|Up to eight users at a time can get work done on the Clear Spot Voyager mobile hot spot, for not much money or stress. But it all depends on whether you can find service.|
When the Voyager works -- which is very much not a given -- it provides solid business data connectivity. It's impressive how much innovation Clear stuffs into what is nothing more than a wireless hot spot the size of a pack of Stride gum. My test modem was fabulously itty-bitty at 2.6 inches square, a half-inch thick and just a bit over 2 ounces. A single button controls the unit. Turn it on. Power it up. Let it find the cell network. The Voyager turns that into a Wi-Fi connection. Enter the password stuck to the side of the unit. Up to eight devices supported. Poof! Instant office network. The Web experience was average for business use. Sites and basic documents worked fine, though downloads can be slow compared with a wired connection. The unit is powered via either a USB connector or battery. It has about six hours of work life. Where Clear offers clear innovation is in pricing. Remember, the $125 modem cost is a flat charge. No contract needed. Monthly access fees start at $34, though I would go for a $50-a-month unlimited plan. That all means you can get your people connected fast and with no strings. What else do you need? What you don't get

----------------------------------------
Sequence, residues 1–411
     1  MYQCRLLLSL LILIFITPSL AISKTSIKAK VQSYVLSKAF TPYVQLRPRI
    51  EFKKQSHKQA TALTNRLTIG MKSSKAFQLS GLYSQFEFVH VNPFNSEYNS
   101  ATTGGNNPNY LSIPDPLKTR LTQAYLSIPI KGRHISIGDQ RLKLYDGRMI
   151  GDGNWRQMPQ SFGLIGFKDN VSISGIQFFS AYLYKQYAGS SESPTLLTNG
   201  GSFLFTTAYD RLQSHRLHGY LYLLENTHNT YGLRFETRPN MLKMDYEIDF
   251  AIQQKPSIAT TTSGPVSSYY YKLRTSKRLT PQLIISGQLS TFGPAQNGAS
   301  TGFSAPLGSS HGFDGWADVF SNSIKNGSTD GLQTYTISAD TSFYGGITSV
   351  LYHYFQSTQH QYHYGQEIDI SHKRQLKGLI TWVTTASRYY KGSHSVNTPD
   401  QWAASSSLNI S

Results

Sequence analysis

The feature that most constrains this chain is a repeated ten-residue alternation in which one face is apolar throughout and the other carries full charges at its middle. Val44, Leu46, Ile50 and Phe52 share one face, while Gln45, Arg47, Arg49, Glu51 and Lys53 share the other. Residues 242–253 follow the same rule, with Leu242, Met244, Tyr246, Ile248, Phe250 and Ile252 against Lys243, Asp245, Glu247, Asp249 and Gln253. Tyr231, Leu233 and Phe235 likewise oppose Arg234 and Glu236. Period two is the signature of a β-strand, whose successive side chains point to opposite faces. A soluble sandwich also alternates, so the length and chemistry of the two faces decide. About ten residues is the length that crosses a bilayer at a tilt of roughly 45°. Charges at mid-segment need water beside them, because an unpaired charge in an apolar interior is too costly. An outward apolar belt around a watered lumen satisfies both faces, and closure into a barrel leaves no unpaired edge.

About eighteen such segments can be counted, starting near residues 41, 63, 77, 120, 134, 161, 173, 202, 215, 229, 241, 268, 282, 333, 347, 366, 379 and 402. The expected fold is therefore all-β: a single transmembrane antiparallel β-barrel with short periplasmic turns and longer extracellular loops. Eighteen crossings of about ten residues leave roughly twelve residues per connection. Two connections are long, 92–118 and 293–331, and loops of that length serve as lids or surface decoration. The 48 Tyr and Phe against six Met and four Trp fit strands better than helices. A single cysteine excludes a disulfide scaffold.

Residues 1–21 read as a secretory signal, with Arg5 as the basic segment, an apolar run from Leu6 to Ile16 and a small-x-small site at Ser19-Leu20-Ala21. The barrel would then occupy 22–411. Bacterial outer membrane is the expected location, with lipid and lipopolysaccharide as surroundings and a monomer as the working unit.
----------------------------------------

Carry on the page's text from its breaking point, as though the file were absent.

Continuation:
Clearwire's biggest issue remains what it always has been: coverage. Service throughout Metro New York was excellent, including in thinly covered spots as Brooklyn's Bedford-Stuyvesant. But in my hometown in Westchester County? Nada. To Clear's credit, its coverage maps are accurate; where it says it works, it usually did. But company officials confirmed that the only way to know if Clear will work for you is get a device, try it for 30 days and, if there is no coverage, send it back. All carriers are this dumb, but that does not make it any less dumb. Also, I found access speeds to be a step down from the truly blazing coverage of, say, Verizon's LTE service, and there are some nutty details: Like on other prominent mobile hot spots, the Voyager has no display, for instance. You must decode the status of the thing by how three tiny lights blink. Huh? Bottom line
The Clear Spot Voyager, while way unperfect, is oddly satisfying to use. If you can find service, you can get work done. At these prices, that has real business potential. If you are only giving the big carriers a sniff for mobile business data, you are probably making a mistake. Clear is worth a clear look. >To submit a news tip, email: email@example.com.
Twitter and become a fan on Facebook.